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The top 10 Texas Tribune reads of 2017


The Texas Tribune thanks its sponsors ... aggressively pursued a border fence — 2007 — the Department of Homeland Security cut unfair real estate deals, secretly waived legal safeguards for property owners and abused the government’s extraordinary ...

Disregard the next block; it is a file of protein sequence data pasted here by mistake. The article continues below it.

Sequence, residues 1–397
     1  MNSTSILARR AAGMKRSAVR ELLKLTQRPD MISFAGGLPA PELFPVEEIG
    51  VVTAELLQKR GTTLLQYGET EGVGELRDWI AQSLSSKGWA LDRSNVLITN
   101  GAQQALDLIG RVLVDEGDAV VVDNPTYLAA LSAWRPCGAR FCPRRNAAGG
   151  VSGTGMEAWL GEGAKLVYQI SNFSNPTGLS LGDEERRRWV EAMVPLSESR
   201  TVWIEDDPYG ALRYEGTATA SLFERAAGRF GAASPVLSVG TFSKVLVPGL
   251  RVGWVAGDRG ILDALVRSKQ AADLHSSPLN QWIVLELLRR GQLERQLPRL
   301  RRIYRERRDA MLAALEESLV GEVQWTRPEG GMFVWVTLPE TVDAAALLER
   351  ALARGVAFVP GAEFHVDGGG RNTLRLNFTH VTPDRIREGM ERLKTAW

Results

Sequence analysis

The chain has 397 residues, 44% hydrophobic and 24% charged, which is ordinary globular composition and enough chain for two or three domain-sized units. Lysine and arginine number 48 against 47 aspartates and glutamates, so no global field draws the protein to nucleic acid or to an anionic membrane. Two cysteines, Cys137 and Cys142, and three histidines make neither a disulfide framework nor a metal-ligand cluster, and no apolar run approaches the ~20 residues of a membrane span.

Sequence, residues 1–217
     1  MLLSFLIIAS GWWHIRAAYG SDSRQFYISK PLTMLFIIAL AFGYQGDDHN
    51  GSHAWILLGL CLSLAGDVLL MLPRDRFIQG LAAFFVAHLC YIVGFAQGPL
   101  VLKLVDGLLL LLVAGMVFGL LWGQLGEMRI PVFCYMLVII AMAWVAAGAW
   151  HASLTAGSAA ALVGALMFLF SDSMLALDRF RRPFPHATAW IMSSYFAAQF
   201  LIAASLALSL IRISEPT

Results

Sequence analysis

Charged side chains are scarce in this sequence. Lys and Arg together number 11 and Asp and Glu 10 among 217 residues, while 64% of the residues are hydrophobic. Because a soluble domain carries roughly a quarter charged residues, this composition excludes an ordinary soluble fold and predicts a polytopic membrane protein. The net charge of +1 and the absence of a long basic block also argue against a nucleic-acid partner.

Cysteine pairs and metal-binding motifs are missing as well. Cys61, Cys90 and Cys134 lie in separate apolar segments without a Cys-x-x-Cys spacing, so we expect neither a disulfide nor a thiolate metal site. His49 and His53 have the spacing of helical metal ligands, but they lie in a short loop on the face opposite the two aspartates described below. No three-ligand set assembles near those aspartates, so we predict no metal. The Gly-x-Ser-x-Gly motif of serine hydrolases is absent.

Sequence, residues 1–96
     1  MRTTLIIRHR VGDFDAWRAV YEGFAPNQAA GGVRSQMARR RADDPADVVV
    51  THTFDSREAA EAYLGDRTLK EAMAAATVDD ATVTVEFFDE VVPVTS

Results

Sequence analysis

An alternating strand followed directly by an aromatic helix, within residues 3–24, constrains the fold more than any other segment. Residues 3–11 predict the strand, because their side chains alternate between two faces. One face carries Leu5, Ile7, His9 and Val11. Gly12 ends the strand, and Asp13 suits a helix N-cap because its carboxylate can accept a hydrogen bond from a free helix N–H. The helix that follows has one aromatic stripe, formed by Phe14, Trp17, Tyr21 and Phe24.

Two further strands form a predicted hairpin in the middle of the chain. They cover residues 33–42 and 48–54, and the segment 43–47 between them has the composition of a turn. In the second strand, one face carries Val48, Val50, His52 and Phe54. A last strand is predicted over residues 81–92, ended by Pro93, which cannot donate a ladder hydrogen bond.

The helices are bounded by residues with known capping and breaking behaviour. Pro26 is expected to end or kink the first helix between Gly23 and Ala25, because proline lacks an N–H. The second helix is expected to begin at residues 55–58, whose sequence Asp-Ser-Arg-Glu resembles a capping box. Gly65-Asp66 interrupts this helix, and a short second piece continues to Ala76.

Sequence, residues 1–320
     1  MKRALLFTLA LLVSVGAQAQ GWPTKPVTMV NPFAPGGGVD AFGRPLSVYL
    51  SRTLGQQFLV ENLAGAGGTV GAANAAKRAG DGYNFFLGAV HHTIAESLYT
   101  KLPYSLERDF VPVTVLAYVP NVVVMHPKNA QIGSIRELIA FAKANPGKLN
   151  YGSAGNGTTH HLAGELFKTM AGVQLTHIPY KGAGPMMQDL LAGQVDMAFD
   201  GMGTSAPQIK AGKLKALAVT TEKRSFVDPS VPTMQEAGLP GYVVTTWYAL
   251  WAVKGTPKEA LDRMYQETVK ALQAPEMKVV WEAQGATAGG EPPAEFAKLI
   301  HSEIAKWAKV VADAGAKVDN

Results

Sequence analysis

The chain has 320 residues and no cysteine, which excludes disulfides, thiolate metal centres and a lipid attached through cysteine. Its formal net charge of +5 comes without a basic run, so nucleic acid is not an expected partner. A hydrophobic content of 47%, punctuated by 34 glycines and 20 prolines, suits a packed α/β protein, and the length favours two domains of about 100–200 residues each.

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Looking to catch up on your reading this holiday season? You've come to the right place. Here, in no particular order, are our curated picks: the top Texas Tribune storytelling of 2017.      by Emily Ramshaw Dec25, 2017 12 AM 2   This graphic humorously references a trip that top state liquor regulators took to the National Conference of State Liquor Administrators in 2015 at a cost of more than $7,000 in taxpayer moneyThe illustration was created by the Texas Alcoholic Beverage Commission during work hours on a state computer with input from top agency officials, records showPictured from left to right are TABC Director Sherry Cook, Licensing Director Amy Harrison, Analyst Jesse Valdez and then-TABC technology contractor Jim Andrews  Illustration by TABC The Texas Tribune thanks its sponsors. A lively legislative session — and a special session — that featured fights over bathroomsLegal battles over abortion, immigration policy and political mapsA devastating hurricane2017 was filled with nonstop news in TexasHere are the highlights. More in this series  Looking to catch up on your reading this holiday season? You've come to the right place. From prescient coverage of a devastating hurricane to a high-impact investigation into taxpayer-funded alcohol regulators to heartbreaking tales of teenagers sold for sex, The Texas Tribune's storytelling this year was simply extraordinary.   Here, in no particular order, are our curated picks: the top Texas Tribune reporting and writing of 2017.  1.  In Harvey's wake The Texas Tribune thanks its sponsorsBecome one. In the aftermath of Hurricane Harvey's devastating flooding — a natural disaster The Texas Tribune and ProPublica had predicted in late 2016 — our reporters dove into action, telling crucial stories from the coast that held local, state and federal leaders accountable and followed the money in relief efforts.  2The TABC scandal Our investigation into the Texas Alcoholic Beverage Commission's overreach and mismanagement — including boozy junkets and a now-notorious illustration of top officials guzzling beer on a plane — unraveled nearly the entire executive layer of the taxpayer-funded agency.  3Sold Out Tribune reporters spent several months embedded with young Texas women who were sold for sexIn a series of powerful stories, they revealed how the state's crusade against sex trafficking has left child victims behind, and spurred state officials into action.       4The Taking The Texas Tribune thanks its sponsorsBecome one. In collaboration with ProPublica, our reporters revealed that the last time the federal government aggressively pursued a border fence — 2007 — the Department of Homeland Security cut unfair real estate deals, secretly waived legal safeguards for property owners and abused the government’s extraordinary power to take land from private citizens. 5. Rent at your own risk  A Texas Tribune partnership with NerdWallet exposed how Texas' rent-to-own industry turns disputes over love seats or big screen TVs into criminal offense reports, trips to jail and even felony theft chargesLawmakers immediately pledged to change the law that allows it.   6. An unsuccessful bathroom bill  The fight over a bill regulating bathroom access for transgender Texans was the talk of the 2017 legislative sessionOur reporters deftly humanized the issue for our readers, telling moving tales of kids coming to testify in the wee hours, using interactive tools to explain the specifics of legislation and letting affected people tell their own stories through photos and audio. 7An opioids conflict  At the same time Texas public health officials were grappling with an opioid overdose epidemic, GovGreg Abbott's office was working to score an economic development deal with drug company McKesson — to the tune of a nearly $10 million grantNow he's facing a big conundrum: the state is investigating that drug company and others, and could file suit.  8Beyond The Wall The Texas Tribune thanks its sponsorsBecome one. No issue stirred more passion in the 2016 elections than border security and immigrationIn Beyond The Wall, a Texas Tribune documentary that aired on TV stations and screened at film festivals, we looked past the heated rhetoric to explore why people — and drugs — keep pouring across the border.   9. A pass to poison Our data-heavy investigation into some of Texas' biggest industrial companies found few — if any — consequences when these polluters spewed noxious chemicals into the air, drastically exceeding the emissions limits in their state-issued permits.  10UT System endowment The fracking boom has fueled a giant endowment at the University of Texas SystemBut our reporters revealed that it hasn't led to a windfall for studentsJust a sliver of that money is going to student financial aid, while hugs sums are being spent on administration and a series of controversial projects.     Read related Tribune coverage: No issue stirred more passion in the 2016 elections than border security and immigrationIn Beyond The Wall, a Texas Tribune documentary, we look past the heated rhetoric to explore why people and dope keep pouring across the border[Full story] Texas industrial polluters rarely face sanctions when they spew noxious chemicals into the air during malfunctions and other unplanned incidents, exceeding the emission limits of their state-issued air permits[Full story] Texas leaders have publicly battled sex trafficking for more than a decade, but they’ve devoted hardly any resources to helping victims[Full story] Get The Brief Never miss a moment in Texas politics with our daily newsletter. Hide all comments Comment Policy The Texas Tribune is pleased to provide the opportunity for you to share your observations about this storyWe encourage lively debate on the issues of the day, but we ask that you refrain from using profanity or other offensive speech, engaging in personal attacks or name-calling, posting advertising, or wandering away from the topic at handTo comment, you must be a registered user of the Tribune, and your real name will be displayedAll comments are shown in Central TimeThanks for taking time to offer your thoughts. You must be logged in to leave a comment| Login | Sign Up Your Comment Read More Comments Most Read Republish this story Find out how you can put this story on your website. Be a citizen,not a spectator. Support independent, fact-based journalismDonate to our 501(c)(3) nonprofit newsroom. Donate today by visiting: texastribune.org/donate The Texas Tribune thanks its sponsors. Donate Contact Us Advertise